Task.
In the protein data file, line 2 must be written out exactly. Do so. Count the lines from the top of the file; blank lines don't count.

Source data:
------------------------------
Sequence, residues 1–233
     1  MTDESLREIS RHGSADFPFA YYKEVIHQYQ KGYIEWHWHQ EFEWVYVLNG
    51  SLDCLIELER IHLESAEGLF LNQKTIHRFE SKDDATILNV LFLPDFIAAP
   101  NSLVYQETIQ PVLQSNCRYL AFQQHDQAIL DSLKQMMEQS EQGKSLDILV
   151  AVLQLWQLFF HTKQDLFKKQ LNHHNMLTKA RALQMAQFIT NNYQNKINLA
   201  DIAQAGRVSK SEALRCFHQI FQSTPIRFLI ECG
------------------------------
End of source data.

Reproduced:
     1  MTDESLREIS RHGSADFPFA YYKEVIHQYQ KGYIEWHWHQ EFEWVYVLNG